When the Comanche Peak Nuclear Power Plant was on the drawing board, lots of communities didn't want a nuke in their backyard. But Somervell County decided it did.
Several decades ago, the county was among the state's poorest. By now you've probably heard the story of the county's transformation as the plant pumped tax money into this area. And you see the results in the beautiful school buildings, library and other public infrastructure.
Now, though, it seems that the State of Texas has forgotten that Somervell County took a risk that others wouldn't. Instead, some legislators see big dollar signs when they look at the county — and they are trying to take more and more of its tax money.
To be sure, the Texas Legislature is facing a dire financial situation — a $24 billion to $27 billion deficit over the next biennium. And, apparently, desperate legislators will do desperate things.
Glen Rose ISD Superintendent Wayne Rotan just got back from Austin where yesterday he testified before a Senate subcommittee. It was not a pleasant meeting. Legislators have downright hostile to Rotan because he heads a district that is one of fewer than 200 districtts considered “property wealthy.” GRISD is in better financial shape than just about any school district in Texas, in fact, because the board also had the foresight several years ago to sock away money just in case of bad times. And now those bad times are upon us.
Rotan and County Judge Mike Ford related their Austin stories Tuesday morning at a meeting of the community's Networking Group. A rapt audience listened as the two told of the tough new world of state finance and how it might filter down to school districts and counties.
Unfortunately, no one knows right now exactly what they're facing because the Texas Legislature hasn't passed any bill on the budget and isn't likely to until August. That makes it almost impossible for school districts and county to plan their budgets. But one thing is certain — there will have to be a lot of belt-tightening going on.
“The atmosphere down there (in Austin) is so incredibly prejudicial against GRISD and Somervell County,” Ford said. “Basically, they've been pretty ugly to Mr. Rotan.”
In fact, the county is “getting slapped around” a lot, Ford said. With only 5,500 registered voters, the county doesn't carry a big political stick.
“They don't mind slapping us around because we're not going to win them any elections,” Ford said.
GRISD has given a half a billion dollars to the state in recapture under the so-called “Robin Hood” school finance plan designed to equalize resources among Texas school districts. Because of the nuke, GRISD is considered a “Chapter 41” district that is subject to recapture, which means sending a large portion of its tax dollars to the state and not receiving anything back.
The legislature is looking at cutting $10 billion out of public education over the next two years and it's looking at Chapter 41 districts.
One Senate bill, sponsored by Sen. Florence Shapiro of Plano, would mean the school district would lose 8 percent of its revenues. And that's the most positive one, Rotan said, since another version would mean a 19 percent cut for the district. But those are both better than the House's version, which would whack 65 percent. The House is scheduled to vote on its version of the bill today.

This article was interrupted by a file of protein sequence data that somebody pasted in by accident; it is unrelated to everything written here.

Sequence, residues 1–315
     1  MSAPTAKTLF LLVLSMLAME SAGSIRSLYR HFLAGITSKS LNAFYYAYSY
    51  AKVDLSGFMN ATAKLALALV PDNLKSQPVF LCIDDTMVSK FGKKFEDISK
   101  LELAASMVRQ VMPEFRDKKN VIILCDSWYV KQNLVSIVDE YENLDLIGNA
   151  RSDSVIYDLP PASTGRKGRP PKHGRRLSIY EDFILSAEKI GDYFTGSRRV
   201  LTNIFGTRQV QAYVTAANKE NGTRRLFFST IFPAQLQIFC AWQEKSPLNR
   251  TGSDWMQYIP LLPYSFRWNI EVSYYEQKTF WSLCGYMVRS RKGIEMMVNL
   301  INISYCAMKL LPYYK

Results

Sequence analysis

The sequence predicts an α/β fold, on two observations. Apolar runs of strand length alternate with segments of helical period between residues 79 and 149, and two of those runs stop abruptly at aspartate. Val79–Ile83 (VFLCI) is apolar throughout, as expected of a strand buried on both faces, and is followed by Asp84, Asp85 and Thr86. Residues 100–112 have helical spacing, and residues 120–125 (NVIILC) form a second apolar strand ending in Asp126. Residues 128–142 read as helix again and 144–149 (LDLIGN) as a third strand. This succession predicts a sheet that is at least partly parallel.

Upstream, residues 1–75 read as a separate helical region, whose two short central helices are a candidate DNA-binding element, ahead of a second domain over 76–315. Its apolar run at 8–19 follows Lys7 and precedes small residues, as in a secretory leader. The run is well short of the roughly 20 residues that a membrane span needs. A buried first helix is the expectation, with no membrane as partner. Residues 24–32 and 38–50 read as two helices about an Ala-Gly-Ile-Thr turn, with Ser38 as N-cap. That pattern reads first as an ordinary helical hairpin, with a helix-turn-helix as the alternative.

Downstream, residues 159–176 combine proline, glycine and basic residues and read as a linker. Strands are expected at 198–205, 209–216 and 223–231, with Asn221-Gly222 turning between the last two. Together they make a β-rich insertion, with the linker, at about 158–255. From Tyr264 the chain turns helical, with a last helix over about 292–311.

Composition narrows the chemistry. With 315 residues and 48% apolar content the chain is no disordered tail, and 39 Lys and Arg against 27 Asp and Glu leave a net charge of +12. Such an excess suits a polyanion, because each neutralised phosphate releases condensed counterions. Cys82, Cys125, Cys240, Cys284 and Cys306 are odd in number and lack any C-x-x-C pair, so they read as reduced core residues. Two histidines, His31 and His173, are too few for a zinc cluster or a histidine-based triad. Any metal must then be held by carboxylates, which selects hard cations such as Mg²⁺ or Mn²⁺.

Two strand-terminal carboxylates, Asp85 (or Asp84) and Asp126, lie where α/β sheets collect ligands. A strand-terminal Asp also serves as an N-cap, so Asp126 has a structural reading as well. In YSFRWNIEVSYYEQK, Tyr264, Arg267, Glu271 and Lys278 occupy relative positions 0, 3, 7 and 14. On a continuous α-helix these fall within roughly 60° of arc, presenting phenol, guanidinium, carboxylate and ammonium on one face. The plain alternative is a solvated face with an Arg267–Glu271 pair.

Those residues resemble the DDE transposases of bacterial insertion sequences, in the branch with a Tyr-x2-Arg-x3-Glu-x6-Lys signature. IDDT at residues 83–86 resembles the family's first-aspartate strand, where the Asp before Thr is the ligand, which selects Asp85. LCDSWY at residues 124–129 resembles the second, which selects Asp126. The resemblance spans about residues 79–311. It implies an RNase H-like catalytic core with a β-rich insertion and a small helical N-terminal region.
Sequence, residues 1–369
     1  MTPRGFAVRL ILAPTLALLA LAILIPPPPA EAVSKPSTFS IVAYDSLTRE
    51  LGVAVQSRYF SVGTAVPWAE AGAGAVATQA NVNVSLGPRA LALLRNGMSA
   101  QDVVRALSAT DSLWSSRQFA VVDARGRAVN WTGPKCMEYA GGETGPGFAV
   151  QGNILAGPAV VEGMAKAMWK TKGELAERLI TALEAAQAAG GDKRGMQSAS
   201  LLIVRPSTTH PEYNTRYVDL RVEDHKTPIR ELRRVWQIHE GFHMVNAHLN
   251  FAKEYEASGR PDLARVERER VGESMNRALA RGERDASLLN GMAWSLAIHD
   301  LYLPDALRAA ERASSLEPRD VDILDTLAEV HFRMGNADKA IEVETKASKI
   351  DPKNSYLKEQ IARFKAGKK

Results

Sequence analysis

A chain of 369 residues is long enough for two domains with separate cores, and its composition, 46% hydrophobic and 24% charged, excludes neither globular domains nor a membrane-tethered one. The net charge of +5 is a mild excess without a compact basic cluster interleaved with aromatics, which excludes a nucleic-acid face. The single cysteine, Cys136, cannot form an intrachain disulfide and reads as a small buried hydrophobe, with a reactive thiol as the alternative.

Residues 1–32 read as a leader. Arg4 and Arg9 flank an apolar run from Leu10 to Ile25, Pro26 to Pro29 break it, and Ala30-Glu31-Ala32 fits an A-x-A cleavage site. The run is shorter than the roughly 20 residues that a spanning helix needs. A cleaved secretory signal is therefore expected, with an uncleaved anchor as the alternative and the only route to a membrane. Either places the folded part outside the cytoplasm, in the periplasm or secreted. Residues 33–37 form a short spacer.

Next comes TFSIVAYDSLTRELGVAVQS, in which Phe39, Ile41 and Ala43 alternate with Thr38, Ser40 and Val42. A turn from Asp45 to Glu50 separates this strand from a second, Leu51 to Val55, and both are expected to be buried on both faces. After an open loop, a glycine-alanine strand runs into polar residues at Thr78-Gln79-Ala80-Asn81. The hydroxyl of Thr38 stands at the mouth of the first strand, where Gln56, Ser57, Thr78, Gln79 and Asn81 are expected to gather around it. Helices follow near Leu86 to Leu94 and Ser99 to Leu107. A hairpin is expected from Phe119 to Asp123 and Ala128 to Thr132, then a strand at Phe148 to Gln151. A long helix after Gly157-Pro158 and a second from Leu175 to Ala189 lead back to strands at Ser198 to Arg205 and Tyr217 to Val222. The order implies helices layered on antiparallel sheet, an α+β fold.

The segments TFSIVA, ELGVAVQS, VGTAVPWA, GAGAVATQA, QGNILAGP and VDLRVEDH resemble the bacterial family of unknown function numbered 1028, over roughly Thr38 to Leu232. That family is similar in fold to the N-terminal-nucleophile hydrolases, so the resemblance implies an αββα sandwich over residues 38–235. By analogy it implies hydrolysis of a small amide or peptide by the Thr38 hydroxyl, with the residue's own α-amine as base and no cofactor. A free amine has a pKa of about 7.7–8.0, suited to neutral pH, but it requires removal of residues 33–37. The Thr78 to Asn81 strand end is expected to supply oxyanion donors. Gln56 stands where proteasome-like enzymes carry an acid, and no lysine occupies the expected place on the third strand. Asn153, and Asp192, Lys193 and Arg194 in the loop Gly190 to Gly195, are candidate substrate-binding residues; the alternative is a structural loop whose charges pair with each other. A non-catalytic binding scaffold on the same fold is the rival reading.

“It's hard to get excited about an 8 percent cut, but that's something we can handle,” Rotan said.
The state also could force the district to raise its tax rate, which currently is at 82 cents per $100 of appraised value of a county property. That's well below the state average of $1.06. Some legislators think the district's rate is too low, Rotan said. The maximum rate is $1.17. He said he is working on some “creative ways” to try to circumvent that since raising the tax rate just means that the state will get a bigger chunk of local dollars.
Which brings us back to Comanche Peak. The plant accounts for about 85 percent of the school district's revenues.
“They don't want to live next to it every day, but now everybody wants the money off of it,” Rotan said. “We were the ones wanting to assume the risks and make these choices. That's the message I've tried to convey to the House and Senate. There's got to be some economic benefits” to communities for having these industries such as nuclear plants, coal plants and refineries in their backyards.
Because it has a nuclear plant nearby, GRISD also faces extra expenses. It has to have the capability to evacuate all students and staff, which means it has to keep additional buses on hand.
Ford's message focused on cuts to Medicaid, which he said could cripple, if not close, rural hospitals and 80 percent of the state's nursing homes.
Cutting Medicaid has a cascading effect, Ford pointed out, because for every $1 the state spends, the federal government kicks in $1.50, magnifying any cuts. People on Medicaid , such as those who might be forced to leave nursing homes, would likely get their care in emergency rooms, “the most expensive care there is,” if funding is slashed, Ford said. “The hospital is on the razor's edge right now. All of a sudden, they're in jeopardy too.”
Ford urged taxpayers to contact state representatives and other officials to make their voices heard. Budget cuts WILL impact Somervell County. We can all count on that.
Here's the contact information for local representatives:
State Sen. Brian Birdwell
P.O. Box 12068
Austin, TX 78711
Bretta Conaway, District Director
1315 Waters Edge Drive, Suite 116-2
Granbury, TX 76048
Rep. Sid Miller
Room CAP GN.11 Capitol
P.O. Box 2910
Austin, TX 78768
6407 S. U.S. Hwy. 377
Stephenville, TX 76401